Red chilli powder 1/2 tsp (optional)
Soak the tamarind in hot water, and keep aside.
In a kadai, heat the vegetable oil over medium-high heat and when hot, add the urad dal, cumin seeds, fennel seeds, mustard seeds, dry red chillies. Once the seeds are spluttering, add the grated onions.
Stir for two to three minutes till they are just about to change colour. Add the ginger and garlic and saute for a minute more. Add the chicken thighs and stir fry them well till they lose their pink colour and can move freely around the pan as you fry them.
Make a paste of the curry powder and some water. Add this paste to the chicken and reduce the flame slightly, frying it for a minute. Add a splash of water to the pan if you feel anything might stick. When you can smell the masalas, add the grated tomatoes, some salt and continue cooking. Add some water if you feel it may be necessary, and throw in the curry leaves and the slit green chillies.
Cook on high flame for another 5 minutes for the tomatoes to cook. Taste the paste at this stage. If you’d like the masala more spicy, add 1/2 tsp of red chilli powder more and work the mixture. Add 1 1/2 cup of water, let it come to a boil, reduce the heat and continue cooking on low. Once the chicken is done, add the coconut milk and the tamarind pulp from the soaked tamarind on low flame, stirring constantly. Cook on low for two more minutes. Taste for salt and adjust if necessary. Serve with rice or roti parathas.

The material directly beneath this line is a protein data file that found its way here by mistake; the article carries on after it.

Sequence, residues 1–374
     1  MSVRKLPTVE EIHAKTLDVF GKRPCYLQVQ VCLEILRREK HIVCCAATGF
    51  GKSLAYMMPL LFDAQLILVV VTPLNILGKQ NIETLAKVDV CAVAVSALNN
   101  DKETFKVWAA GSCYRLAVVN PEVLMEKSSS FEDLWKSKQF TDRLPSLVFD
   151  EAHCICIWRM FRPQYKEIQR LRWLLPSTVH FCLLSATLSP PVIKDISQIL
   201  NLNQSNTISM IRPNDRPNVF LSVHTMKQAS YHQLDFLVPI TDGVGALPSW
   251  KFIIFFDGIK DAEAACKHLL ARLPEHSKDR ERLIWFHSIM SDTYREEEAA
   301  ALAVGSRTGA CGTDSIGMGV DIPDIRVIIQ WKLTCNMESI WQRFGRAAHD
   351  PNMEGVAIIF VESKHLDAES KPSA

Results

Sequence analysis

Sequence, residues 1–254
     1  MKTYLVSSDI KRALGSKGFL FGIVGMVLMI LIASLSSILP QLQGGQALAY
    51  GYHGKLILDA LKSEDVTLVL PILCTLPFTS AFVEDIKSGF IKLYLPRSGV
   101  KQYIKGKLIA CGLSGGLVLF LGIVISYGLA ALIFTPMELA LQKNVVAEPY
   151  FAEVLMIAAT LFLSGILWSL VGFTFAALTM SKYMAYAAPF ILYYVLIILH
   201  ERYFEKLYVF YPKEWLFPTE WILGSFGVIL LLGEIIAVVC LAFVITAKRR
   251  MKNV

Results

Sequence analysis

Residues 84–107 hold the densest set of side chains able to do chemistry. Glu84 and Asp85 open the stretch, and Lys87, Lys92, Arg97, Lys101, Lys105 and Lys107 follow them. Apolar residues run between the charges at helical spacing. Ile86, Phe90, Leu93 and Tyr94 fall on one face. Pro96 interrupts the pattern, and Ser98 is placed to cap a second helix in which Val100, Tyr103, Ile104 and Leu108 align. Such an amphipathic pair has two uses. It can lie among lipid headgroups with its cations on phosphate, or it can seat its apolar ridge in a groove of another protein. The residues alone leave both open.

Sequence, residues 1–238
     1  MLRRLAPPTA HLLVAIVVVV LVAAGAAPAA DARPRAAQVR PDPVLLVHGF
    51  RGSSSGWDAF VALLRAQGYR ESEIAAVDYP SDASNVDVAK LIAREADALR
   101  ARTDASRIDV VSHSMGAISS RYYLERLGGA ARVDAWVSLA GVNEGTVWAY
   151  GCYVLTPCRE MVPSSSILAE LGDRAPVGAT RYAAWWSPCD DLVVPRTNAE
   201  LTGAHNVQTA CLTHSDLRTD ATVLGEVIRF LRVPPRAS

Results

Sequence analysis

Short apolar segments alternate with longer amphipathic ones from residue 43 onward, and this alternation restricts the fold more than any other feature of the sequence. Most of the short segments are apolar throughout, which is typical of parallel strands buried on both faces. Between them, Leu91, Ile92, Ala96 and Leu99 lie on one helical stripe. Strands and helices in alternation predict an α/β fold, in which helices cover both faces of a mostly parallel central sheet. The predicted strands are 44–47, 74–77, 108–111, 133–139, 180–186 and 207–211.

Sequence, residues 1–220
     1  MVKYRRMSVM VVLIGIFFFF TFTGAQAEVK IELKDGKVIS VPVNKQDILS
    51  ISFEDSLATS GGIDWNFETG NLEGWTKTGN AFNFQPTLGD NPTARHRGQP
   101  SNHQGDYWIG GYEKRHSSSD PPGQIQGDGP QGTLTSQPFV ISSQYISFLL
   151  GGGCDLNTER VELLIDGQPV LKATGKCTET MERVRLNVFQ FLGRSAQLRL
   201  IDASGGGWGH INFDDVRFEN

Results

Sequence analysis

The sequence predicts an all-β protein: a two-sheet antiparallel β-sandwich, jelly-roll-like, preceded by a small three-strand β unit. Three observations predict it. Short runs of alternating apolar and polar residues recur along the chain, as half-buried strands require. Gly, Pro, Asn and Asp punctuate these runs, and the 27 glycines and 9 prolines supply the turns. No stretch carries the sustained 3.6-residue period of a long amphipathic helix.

Pressure Cooker Red Chicken Recipe:
Pressure Cooker Red Chicken
Instead of serving this totally retro chicken over salad leaves, consider serving it alongside stir-fried vegetables. The smoky stir-fry and this sweet and sour sauce will go together quite well.
Chicken drumsticks 6-8 pieces, cleaned and salted
Tomato ketchup 3/4 cup
White Vinegar 1 cup
Ginger 1-inch piece
Garlic 6-7 cloves
Red chillies 2-3
Vegetable oil 2 tbsp
Grind together the red chillies, garlic, ginger and half of the white vinegar in the jar of a mixer grinder. Apply this paste to the salted chicken legs and transfer to the pressure cooker with the vegetable oil.
Cook the chicken for 2 whistles and let the pressure release by itself. When the cooker is open, add the tomato ketchup, splash in the reserved vinegar bit by bit, tasting as you go, and cook on medium-high heat till the chicken is done and the tomato ketchup has reduced to a sauce of coating consistency. Serve on a bed of greens or with stir-fried vegetables.
Chicken Cacciatore Recipe:
Yield 3-4 servings
I make this in a cast iron pan because a lot of the recipe depends on a good even browning of the chicken skin. We use this as a base to then build layers of flavour on top of it. Use a mix of cuts like I have, or just opt for all skin-on thigh pieces.
Chicken Thighs 2, skin-on
Chicken Leg 1, skin-on
Chicken Wing 1
Flour 1/2 cup, seasoned with salt and pepper
Bacon 4-5 slices, chopped up into small pieces
Red pepper 1/2, cut lengthwise into strips
Green pepper 1/2, cut lengthwise into strips
Yellow pepper 1/2, cut lengthwise into strips
Button Mushrooms 100g, chopped
Onion 2, medium-sized, thinly sliced
Garlic 4-5 cloves, chopped
Tomatoes 3, medium-sized, grated
Tomato puree 1/2 tetra pack
Tomato ketchup 100ml, or more
Mixed herbs seasoning 1 1/2 tsp or 1/2 tsp oregano and 1/2 tsp basil